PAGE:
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Proposals to change the Freedom of Information Act are on the legislative table again this year in addition to the recommendations of the recently-concluded task force on privacy and public disclosure.

The Connecticut Conference of Municipalities, AFT Connecticut, and individual lawmakers have proposed bills to the Government Administration and Elections Committee to carve out new exemptions to the state’s public records law. 

The suggestions come less than a year after lawmakers voted on the last day of the 2013 legislative session to prevent the disclosure of crime scene photographs and certain audio recordings collected by police following the Sandy Hook shooting and other homicides. That law also set in motion a task force which has since drafted its own proposals for changing the FOIA.

Aside from those recommendations, most of the bills seeking changes to public disclosure requirements are not related to the Newtown incident.

For instance, CCM, the states largest municipal lobby, wants to establish an “executive privilege status” for local officials in an effort to protect the confidentiality of conversations between mayors or first selectmen and their key advisers.

Although there are executive privilege exemptions for the president and governors in some other states, it is not a concept that is present in Connecticut’s FOI law, according to Colleen Murphy, executive director of the state Freedom of Information Commission.

CCM also is seeking to change an existing FOI exemption that currently prevents someone who is suing a town from requesting records of the town’s strategy or negotiations with respect to that pending lawsuit. The group would like the exemption to also prevent someone from using the FOIA to obtain town records rather than seeking them through discovery.

“Plaintiffs often use the FOIA to circumvent limitations on discovery in civil cases which apply to all other litigants or to increase municipal defense costs as a bargaining chip,” the group’s 2014 legislative priorities read.

Mike Muszynski, a senior legislative associate for CCM, said the group wants lawmakers to make a distinction between traditional Freedom of Information requests and those made by people suing a municipality.

That would be a policy shift in Connecticut, where Murphy said courts have considered discovery and the FOIA to be two distinct avenues for seeking information.

“They are two separate tracks. Just because you’re involved in litigation doesn’t mean you can’t make an FOI request,” she said.

AFT Connecticut, a union representing teachers and certain groups of state employees, has asked lawmakers to add an exemption for probation officers, shielding their personnel and medical records from anyone currently under their supervision.

Meanwhile, Rep. DebraLee Hovey, R-Monroe, has proposed a bill to prohibit the disclosure of 911 emergency calls related to homicides.

Last year saw a protracted court battle over the release of the 911 calls made during the Sandy Hook incident between the Associated Press and State’s Attorney Stephen Sedensky, who sought to prevent their release. A judge eventually sided with the AP and the calls were released nearly a year after the incident.

Hovey’s proposal has some overlap with the recommendations of the privacy and public disclosure task force. That group has proposed including the calls in a new group of public records they want to establish. Members of the public would be permitted to inspect these documents but not copy them without first justifying it and receiving permission.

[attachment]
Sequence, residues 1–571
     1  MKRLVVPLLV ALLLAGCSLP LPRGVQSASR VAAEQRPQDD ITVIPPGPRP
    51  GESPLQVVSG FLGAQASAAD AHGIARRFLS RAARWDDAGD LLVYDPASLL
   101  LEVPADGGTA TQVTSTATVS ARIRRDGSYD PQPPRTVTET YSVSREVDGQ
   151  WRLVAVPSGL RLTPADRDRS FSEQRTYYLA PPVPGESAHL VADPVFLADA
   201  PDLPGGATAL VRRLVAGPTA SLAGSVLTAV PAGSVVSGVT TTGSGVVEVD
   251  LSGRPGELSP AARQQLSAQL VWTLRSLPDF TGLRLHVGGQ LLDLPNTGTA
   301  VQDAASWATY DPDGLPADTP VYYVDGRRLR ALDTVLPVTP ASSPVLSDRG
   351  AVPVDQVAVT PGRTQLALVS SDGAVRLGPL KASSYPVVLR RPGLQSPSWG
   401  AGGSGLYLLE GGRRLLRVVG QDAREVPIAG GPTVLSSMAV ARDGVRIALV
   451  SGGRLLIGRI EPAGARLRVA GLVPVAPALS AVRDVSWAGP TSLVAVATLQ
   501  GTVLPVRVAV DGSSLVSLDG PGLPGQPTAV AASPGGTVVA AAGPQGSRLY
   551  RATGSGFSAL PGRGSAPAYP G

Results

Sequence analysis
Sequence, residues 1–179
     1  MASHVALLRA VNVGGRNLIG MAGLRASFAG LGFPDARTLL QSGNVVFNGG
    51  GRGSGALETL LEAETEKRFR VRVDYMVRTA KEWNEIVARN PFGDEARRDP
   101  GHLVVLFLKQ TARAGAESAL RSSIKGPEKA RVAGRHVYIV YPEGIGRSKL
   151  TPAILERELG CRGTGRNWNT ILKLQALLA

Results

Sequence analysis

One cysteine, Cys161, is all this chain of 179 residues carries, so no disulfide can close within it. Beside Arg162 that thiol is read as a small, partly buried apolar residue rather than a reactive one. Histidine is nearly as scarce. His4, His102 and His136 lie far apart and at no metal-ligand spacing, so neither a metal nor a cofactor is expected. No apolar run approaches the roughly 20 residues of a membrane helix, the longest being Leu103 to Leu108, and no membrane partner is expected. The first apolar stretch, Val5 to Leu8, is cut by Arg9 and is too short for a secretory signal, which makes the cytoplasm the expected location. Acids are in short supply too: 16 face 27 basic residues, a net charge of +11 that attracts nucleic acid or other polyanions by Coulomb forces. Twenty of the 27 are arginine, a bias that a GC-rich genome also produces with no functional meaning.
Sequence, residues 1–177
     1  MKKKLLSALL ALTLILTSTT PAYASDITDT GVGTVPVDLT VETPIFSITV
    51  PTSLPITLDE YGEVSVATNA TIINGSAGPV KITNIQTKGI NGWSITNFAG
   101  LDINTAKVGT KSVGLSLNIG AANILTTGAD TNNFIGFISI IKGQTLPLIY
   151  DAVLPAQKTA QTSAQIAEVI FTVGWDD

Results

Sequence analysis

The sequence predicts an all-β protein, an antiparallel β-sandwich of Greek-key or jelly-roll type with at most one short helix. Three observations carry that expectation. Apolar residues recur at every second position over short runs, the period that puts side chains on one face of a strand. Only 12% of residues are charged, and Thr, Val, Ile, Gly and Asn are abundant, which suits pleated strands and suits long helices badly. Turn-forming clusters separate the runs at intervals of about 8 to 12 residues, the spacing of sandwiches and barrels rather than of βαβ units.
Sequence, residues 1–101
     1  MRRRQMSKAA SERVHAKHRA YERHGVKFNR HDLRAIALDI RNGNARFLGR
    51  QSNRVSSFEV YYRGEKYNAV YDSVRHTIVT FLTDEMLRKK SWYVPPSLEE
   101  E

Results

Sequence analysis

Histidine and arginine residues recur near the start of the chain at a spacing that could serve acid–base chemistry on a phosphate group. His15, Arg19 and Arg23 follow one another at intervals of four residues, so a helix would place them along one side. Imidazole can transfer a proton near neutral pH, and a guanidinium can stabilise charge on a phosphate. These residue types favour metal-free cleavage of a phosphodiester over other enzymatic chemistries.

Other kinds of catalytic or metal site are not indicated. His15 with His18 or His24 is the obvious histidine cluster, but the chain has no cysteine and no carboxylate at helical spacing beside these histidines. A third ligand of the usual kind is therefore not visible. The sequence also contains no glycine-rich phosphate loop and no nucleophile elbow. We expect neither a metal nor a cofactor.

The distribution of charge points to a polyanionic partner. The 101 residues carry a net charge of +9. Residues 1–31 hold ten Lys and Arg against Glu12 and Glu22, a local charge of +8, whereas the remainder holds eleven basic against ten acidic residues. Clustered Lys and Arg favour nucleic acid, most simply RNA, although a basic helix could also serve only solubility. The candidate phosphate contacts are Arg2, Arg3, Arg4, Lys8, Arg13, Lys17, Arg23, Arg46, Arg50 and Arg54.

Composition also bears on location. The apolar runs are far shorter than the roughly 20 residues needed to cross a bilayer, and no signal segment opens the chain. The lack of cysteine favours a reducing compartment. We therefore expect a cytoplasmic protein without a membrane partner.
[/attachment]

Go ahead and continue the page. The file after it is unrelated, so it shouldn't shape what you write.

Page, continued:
Sen. Anthony Musto, co-chairman of the Government Administration and Elections Committee, said the panel has not yet screened legislation for the year. Some of the FOI proposals may not make the cut to be raised as bills during this session.

Musto was one of only four state lawmakers to cast votes against last year’s legislation carving out new FOI exemptions to prevent the disclosure of some crime scene records. The hastily-drafted legislation was passed in a late-night vote with relatives of several Sandy Hook victims present in both the House and Senate chambers. The bill never got a public hearing.

Last week, Musto said he was not familiar with all of the new proposals impacting public disclosure but would be looking at them with some skepticism.

“I’m not in favor of restricting public access to public records,” he said Thursday. “There would have to be a pretty compelling argument that an exemption would do a significantly greater amount of good than harm.”

The committee’s co-chairman, Rep. Ed Jutila also said he was beginning the session with a “bias” against adding new exemptions.

However, Sen. Ed Meyer, one of the committee’s vice-chairman who also opposed last year’s bill, said he believes the legislature in general has been too willing to weaken the state’s public disclosure law.

“The desire of a majority of legislators to conceal the horrible things that happened at Sandy Hook indicates that this is a legislature that favors privacy at any cost. I think we pay a price for that,” Meyer said.

The Connecticut Council on Freedom of Information also has suggested several proposals to reduce restrictions in the law. James Smith, the group’s president, said one of his top priorities is to push for a law, proposed by the state librarian, to allow access to medical and personal records of historic value.

The bill would create time limits for such documents to be sealed and is based on difficulties encountered by two Connecticut researchers who have been unable to access documents pertinent to their work.

Smith said his group also is looking for bills to prohibit the legislature from changing the FOIA without a public hearing and increasing public access to the University of Connecticut Foundation, a private foundation that raises money for the public university after which it is named.